Its first act in office was to conduct a series of nuclear tests. Cross the country, fascists and corporates, princes and paupers alike, celebrated India's Hindu bomb. In 2002, Narendra Modi's government planned and executed the Gujarat genocide (two thousand Moslem men, women and children massacred-many burned alive- 150,000 driven from their homes). In the election that took place a few months after the genocide, he was returned to power with an over-whelming majority, ensuring complete immunity for those who had participated in the killings... India has a great tradition of granting immunity to mass killers. I could fill volumes with the details.
While the "people" were engaged with the Union project and its doctrine of hatred, India's Progress project was proceeding apace. A new regime of privatization and liberalization resulted in the sale of the country's natural resources and public infrastructure to private corporations. It has created an unimaginatively wealthy upper class and growing middle class who have naturally become militant evangelists for the new dispensation.
The Progress project has its own tradition of impunity and subterfuge, no less horrific than the elaborate machinery of the Union project. At the heart of it lies the Supreme Court, which is rapidly become a pillar of Corporate Power, issuing order after order allowing for the building of dams, the interlinking of rivers, indiscriminate mining, the destruction of forests and water systems. All of this could be described as ecocide- a prelude perhaps to genocide. And to criticize the court is a criminal offense, punishable by imprisonment.
With the possible exception of China, India today has the largest population of internally displaced people in the world. Dams alone have displaced thirty million people. The displacement is being enforced with court decrees or at gunpoint by policemen, government-controlled militias or corporate thugs. The displaced are being herded into tenements, camps, resettlement colonies where, cut off from the means of earning a living, they spiral into poverty.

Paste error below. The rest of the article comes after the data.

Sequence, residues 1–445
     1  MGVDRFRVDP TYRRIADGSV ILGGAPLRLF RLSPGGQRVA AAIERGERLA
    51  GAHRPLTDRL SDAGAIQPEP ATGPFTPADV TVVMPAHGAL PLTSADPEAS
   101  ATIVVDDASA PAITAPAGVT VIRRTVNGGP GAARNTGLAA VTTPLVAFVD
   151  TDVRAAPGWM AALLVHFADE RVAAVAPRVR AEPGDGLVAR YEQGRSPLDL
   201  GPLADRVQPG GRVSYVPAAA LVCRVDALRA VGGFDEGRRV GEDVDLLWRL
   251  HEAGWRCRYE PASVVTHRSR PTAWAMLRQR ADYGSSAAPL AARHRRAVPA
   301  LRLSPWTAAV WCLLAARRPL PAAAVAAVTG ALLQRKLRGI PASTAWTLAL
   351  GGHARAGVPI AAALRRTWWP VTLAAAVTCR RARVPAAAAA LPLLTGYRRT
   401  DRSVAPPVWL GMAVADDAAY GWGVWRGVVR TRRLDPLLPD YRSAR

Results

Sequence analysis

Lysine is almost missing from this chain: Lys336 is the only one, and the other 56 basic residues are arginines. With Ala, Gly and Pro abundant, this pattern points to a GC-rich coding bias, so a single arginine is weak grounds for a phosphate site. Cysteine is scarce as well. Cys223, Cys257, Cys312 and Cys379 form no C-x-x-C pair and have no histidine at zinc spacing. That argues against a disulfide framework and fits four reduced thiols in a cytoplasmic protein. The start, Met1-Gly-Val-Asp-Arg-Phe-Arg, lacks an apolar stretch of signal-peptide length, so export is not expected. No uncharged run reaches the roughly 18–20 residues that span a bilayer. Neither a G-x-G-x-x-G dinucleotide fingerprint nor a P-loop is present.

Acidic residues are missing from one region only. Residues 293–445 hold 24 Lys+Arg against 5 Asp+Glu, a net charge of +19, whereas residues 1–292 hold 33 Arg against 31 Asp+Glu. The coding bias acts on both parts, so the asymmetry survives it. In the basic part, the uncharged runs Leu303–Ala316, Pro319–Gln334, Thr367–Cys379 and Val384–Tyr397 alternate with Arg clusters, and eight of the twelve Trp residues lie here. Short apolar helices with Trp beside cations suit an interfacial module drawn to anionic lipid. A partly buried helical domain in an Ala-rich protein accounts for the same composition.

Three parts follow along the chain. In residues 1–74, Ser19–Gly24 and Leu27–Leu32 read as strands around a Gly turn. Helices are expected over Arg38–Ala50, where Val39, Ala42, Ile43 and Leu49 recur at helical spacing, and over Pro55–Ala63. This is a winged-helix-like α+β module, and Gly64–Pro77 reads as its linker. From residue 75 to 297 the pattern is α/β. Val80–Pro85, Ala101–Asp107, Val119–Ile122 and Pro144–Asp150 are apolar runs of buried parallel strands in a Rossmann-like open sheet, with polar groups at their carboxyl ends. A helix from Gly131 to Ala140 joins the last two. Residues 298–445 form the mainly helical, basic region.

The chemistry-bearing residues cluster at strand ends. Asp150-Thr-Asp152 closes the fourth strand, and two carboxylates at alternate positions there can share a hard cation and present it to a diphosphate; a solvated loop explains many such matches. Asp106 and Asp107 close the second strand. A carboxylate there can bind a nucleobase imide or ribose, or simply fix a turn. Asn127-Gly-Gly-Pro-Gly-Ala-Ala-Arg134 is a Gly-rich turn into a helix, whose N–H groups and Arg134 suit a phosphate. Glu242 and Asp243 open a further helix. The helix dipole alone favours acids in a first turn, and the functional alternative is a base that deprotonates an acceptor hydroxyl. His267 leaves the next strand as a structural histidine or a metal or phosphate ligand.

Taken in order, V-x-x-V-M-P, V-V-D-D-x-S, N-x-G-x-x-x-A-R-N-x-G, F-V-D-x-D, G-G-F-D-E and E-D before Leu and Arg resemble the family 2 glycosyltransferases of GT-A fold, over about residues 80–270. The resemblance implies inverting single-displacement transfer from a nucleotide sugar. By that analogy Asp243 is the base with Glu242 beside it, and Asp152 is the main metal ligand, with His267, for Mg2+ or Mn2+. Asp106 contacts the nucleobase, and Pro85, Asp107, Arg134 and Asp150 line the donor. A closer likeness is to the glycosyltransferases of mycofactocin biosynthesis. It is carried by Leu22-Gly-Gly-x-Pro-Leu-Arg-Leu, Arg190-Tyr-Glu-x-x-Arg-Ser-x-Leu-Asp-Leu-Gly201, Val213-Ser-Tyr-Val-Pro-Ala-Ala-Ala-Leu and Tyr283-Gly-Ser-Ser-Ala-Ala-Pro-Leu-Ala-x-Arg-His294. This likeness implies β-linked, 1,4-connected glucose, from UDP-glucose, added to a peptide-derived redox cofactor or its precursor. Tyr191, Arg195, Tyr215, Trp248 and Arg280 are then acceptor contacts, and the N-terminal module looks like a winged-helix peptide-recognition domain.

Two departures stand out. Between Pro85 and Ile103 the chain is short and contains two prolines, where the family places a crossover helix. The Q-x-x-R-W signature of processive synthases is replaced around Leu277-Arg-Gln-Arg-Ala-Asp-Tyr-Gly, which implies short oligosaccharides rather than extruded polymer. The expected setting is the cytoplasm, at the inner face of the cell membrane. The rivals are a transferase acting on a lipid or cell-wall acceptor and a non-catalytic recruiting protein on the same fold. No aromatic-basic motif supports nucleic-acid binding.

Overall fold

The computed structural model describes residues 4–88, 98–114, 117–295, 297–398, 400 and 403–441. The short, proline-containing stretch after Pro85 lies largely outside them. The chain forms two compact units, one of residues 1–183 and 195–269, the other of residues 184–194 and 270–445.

It's not surprising that very little of this account of events makes it into the version of the New India currently on the market...
Thursday, November 26, 2009
Already in late 2003, Israeli Prime Minister Ariel Sharon started to devise a plan for the evacuation of the Jewish settlement and IDF forces from the Gaza strip. The disengagement plan also included the removal of four settlements that were located in the northern part of the West Bank (northern Samaria). At his point, Israel was still embroiled in the Second Intifada, and Sharon, similar to many other Israeli policymakers, felt that Israel, along with its military offensive, should present conciliatory steps in order to break the deadlock between the two sides and also encourage moderate Palestinians to resist prolonging the violence.
In early May 2004, the disengagement plan was approved by the Israeli government, and on October 26, 2004, the Knesset ratified the resolution. As was the case in the early 80's with the Camp David Accords, as well as a decade later after the signing of the Oslo Accords, the main resistance to the evacuation came from the settler movement and various religious Zionist streams and groups. They had organized countless rallies, demonstrations, and assemblies against he plan in order to mobilize public support. Rabbis once again insisted that the plan was an intolerable violation of the Jewish heritage and rules of the Halakha (Jewish Law) and that the evacuation had no moral or other legitimacy. The called on IDF soldiers to disobey the orders of their commanders, and some of them even urged more extreme steps such as illegal resistance. In consequence, the protest increasingly began to involve illegal activities whose intent was to disrupt the public order, such as blocking the main highways by crowding them with demonstrators or by putting sharp nails on the road. However, some of the initiatives went a step further and eventually developed into terrorist activities.
The first act of organized terrorism in response to the disengagement from the Gaza Strip and northern Samaria came to light in early May 2005. There were three members in the cell: Rabbi Mordeci Levinstein, his brother Elitzur and a yeshiva student Avraham Levkowitz.. They had intended to pack and douse vehicles with flammable materials and ignite them near a busy interchange on the Ayalon Highway in Tel Aviv. It was a simple but potentially lethal plan. During the same month another daring plot by two Orthodox militants to shoot anti-tank missile at the Dome of the Rock Mosque, attack police responding to the explosions with hand grenades and then commit suicide by means of a pistol shot to the head. Just a day later Eden Natan- Zada, an Israeli army deserter, boarded bus no. 165 going from Haifa to the Arab city of Shfaram and at the end of his journey shot four of his fellow passengers to death and wounded thirteen others.